One of the running goals of my life has been to become more mindful. The catch is, it has to be my sort of mindful: which means pragmatism and skepticism must intersect with all the positivity. I’m never going to be an earth goddess in flowing robes, the scent of patchouli clinging to my hem as I float through life… I will just be a run of the mill urban goddess with black clothing and the smell of Jo Malone and city streets clinging to my black pumas.

So how do I merge the woman who often moves right past the roses with the one who should occasionally stop and smell them?

Well, if you’re me, you put it in your planner.

  1. Every day write a list of things that you are grateful for, make you calm, and your highlights
  2. Choose a daily word, something that encapsulates mood or tone or feeling
  3. Keep a vision book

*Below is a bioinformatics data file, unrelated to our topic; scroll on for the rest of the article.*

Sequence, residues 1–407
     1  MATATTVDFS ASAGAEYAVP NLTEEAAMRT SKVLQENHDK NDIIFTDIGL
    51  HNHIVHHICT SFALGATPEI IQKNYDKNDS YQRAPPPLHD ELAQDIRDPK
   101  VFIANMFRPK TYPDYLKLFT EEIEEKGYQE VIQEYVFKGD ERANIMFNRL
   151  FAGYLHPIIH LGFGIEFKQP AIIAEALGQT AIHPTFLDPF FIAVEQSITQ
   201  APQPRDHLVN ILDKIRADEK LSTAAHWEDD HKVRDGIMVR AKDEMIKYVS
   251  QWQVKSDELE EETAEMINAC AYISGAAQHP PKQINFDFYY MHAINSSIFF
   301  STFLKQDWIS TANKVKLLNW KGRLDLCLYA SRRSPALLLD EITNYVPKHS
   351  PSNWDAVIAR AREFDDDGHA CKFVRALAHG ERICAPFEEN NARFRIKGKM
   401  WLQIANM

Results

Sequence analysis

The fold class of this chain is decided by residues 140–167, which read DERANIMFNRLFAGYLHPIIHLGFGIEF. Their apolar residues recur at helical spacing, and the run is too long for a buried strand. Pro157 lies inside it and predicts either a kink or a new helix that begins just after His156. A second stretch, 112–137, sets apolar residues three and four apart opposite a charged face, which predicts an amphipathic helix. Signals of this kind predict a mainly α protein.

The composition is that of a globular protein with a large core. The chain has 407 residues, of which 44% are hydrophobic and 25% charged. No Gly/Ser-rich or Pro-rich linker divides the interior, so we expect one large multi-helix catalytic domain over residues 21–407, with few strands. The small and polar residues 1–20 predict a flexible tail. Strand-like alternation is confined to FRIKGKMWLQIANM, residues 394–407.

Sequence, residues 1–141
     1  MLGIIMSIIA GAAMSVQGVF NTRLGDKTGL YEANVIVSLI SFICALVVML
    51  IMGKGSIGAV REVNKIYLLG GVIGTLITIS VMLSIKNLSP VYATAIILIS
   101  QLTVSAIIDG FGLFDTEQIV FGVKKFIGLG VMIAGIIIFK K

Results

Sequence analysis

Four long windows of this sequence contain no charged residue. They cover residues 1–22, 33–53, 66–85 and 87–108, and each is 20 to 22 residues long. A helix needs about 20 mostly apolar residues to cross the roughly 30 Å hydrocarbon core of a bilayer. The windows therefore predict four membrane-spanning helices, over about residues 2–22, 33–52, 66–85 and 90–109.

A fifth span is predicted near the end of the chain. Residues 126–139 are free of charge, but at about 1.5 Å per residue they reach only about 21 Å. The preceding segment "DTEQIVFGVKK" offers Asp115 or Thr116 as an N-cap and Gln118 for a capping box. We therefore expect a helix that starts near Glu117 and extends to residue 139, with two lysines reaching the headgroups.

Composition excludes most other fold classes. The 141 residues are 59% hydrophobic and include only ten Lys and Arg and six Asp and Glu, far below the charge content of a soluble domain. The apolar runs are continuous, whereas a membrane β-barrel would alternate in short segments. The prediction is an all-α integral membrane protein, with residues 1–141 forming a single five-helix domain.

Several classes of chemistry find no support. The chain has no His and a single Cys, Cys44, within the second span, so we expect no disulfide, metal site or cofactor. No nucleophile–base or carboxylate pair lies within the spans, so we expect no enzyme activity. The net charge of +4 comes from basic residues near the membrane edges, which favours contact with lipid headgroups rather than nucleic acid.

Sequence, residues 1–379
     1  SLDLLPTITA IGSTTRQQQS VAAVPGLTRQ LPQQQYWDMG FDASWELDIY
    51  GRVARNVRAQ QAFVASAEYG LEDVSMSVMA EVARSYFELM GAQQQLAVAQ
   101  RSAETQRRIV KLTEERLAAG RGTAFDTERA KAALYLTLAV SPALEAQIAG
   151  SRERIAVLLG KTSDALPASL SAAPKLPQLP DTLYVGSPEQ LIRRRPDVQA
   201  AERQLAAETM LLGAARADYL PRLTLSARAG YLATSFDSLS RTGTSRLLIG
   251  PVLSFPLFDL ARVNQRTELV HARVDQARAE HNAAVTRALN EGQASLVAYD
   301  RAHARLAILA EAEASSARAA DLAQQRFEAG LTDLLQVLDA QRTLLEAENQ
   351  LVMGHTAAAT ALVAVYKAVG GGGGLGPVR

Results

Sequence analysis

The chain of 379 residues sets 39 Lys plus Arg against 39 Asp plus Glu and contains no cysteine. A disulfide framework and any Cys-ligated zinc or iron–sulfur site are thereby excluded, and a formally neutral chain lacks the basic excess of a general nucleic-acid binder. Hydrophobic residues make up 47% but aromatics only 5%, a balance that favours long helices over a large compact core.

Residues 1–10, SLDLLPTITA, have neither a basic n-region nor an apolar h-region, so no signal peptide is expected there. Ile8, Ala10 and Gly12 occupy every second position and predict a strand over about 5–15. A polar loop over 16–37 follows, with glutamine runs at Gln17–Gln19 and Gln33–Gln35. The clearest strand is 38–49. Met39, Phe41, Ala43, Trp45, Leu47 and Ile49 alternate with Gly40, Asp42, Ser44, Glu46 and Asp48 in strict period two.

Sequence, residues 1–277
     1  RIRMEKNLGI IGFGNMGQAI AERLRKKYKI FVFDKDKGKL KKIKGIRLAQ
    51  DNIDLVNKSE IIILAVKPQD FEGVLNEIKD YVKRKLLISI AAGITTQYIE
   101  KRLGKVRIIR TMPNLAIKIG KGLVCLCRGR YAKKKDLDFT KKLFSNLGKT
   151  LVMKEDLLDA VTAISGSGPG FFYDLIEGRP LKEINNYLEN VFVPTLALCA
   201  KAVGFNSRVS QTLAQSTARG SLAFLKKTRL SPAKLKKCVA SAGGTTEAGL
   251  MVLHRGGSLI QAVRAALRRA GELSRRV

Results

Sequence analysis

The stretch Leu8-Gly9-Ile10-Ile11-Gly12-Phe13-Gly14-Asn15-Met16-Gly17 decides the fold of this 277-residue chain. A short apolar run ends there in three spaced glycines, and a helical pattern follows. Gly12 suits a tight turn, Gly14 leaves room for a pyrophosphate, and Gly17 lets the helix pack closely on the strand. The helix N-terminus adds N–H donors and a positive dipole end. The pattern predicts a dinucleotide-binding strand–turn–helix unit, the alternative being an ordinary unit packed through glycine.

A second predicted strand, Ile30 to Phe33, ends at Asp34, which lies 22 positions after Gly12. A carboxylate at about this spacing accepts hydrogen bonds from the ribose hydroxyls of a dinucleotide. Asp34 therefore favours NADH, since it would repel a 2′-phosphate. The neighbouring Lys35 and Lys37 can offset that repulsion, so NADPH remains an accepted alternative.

4. Write about gratitude on Saturdays- holds you accountable
  5.  Take pictures of some of the good moments in life
  6.  Take pictures with a thematic purpose and post them every day
  7.  Start the day by meditating MY way- which means to just sit for five minutes and try my best to NOT THINK
  8.  After quiet non thinking, read a few pages that will ease me into my day and give with motivation and calm
  9.  Vow to come up with two more things so I hit an even 10

What does all this really mean?

Being mindful means appreciating what you have. Being mindful means taking the time to appreciate what you have. Don’t be wasteful of the bounty before you whether it means something you own or a quality that you have. Highlight your strengths: work with or around your weaknesses. Figure out who you were, who you are, who you want to be.

It means that you must build in self care into your day.

Pushing pause on the remote control of your life.

I have always been someone who is perpetually in fast forward- 2x, 3x, 4x… and before you know it you are at the end… The end comes fast enough- why do we want to speed it up?

I am trying to figure out ways to make me STOP during the day, yet gives me the freedom to still be me.